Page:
From time to time, NJTechWeekly.com runs into startups at conferences and does quick interviews with them. Below are the startups we talked to at the Annual Innovation Showcase, held at NJIT in March.
Alfrea: According to Alfrea (Egg Harbor City) founder and CEO David Wagstaff, the company has pivoted since the last time we had spoken. Alfrea’s website used to specialize in matching folks who wanted to grow and eat fresh plant-based food to those who had a garden or a farm nearby, thereby connecting people with land, services and whole foods.
Now the company is “offering similar services, but with a focus on corporate health and wellness,” he said. “It turns out that 50 percent of healthcare costs can be assigned to food choices,” including the high costs of some very nasty diseases, like Type II diabetes, cardiovascular disease, stroke and 14 types of cancer.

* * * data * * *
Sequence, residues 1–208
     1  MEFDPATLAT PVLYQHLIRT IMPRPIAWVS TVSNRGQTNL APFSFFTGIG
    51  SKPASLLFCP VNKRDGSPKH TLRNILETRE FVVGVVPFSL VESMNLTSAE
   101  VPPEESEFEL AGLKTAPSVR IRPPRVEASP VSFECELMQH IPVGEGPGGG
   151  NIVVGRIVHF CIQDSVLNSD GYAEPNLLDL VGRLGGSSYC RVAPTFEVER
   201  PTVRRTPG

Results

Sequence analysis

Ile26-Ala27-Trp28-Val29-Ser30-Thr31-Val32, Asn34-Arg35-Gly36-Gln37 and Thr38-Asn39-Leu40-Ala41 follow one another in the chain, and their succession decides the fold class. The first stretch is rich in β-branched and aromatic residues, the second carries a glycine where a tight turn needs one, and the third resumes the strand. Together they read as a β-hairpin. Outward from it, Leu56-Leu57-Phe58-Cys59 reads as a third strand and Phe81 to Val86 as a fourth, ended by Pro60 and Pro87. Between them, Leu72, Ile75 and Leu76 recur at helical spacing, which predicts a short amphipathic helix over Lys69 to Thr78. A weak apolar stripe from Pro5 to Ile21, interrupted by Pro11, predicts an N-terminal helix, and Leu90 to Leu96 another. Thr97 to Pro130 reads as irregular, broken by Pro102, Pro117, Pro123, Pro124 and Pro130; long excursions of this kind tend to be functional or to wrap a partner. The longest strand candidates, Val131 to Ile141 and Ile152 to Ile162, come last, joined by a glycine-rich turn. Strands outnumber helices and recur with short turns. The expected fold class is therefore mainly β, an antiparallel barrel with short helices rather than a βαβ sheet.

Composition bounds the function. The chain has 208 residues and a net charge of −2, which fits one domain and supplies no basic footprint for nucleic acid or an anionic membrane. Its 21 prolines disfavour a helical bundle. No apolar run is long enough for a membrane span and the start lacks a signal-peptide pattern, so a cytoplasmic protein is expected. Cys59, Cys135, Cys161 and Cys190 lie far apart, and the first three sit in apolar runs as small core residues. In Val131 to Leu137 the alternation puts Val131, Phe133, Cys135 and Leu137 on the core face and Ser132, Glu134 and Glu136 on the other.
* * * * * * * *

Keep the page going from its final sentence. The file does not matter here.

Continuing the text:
“So we are now working with employers to help them keep their employees healthier. We offer a suite of wellness services based on fresh foods. These include delivering fruit baskets to offices to share as a healthy snack alternative, and fruits and vegetables from the farm to the workplace for employees to bring home to their families. We help employees participate in growing food, and we offer fun workshops and trainings, like backyard farming 101 and the smoothie operator.”
Alfrea’s first customers were hospital networks, but “now we are working with one of the largest food companies in the world and with other workplaces and community groups that care about community health.”